Progress 09/01/10 to 08/31/13
Target Audience: Target audiences included growers, industry representatives, and other attendees of the Snake River Pest Management Research Tour during June 2011, the Idaho Potato Conference during January 2012, a “Grower’s Own” organic conference during January 2012, and an Organic Field Day at U-Idaho Kimberly during July 2012. A forthcoming publication will target fellow scientists. Changes/Problems: The no-choice caged field experiment was compromised due to the high infestation levels of beetles surrounding the cages; large numbers of newly eclosed adult beetles from the second generation surfaced within cages. Unfortunately, this aspect of the project had to be abandoned. What opportunities for training and professional development has the project provided? Approximately seven undergraduate technicians were involved in assisting with data collection during the life of the project, which provided training for these students in carrying out agricultural field research. How have the results been disseminated to communities of interest? Results were presented togrowers, industry representatives, and other attendees of the Snake River Pest Management Research Tour during June 2011, the Idaho Potato Conference during January 2012, a “Grower’s Own” organic conference during January 2012, and an Organic Field Day at U-Idaho Kimberly during July 2012. A forthcoming publication will target fellow scientists. What do you plan to do during the next reporting period to accomplish the goals?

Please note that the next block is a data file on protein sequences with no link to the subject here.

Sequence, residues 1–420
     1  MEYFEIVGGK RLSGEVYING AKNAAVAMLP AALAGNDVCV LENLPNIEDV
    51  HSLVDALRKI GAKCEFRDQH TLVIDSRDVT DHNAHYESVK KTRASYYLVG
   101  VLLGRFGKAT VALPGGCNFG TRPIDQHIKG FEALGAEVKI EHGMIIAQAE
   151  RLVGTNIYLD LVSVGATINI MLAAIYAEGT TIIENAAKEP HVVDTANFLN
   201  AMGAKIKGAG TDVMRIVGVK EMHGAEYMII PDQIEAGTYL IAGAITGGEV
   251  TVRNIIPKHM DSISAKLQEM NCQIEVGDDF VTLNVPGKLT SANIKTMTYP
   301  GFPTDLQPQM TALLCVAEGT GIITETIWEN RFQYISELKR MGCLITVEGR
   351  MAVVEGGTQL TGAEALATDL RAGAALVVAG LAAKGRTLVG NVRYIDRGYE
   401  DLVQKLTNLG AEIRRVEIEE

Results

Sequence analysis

What was accomplished under these goals?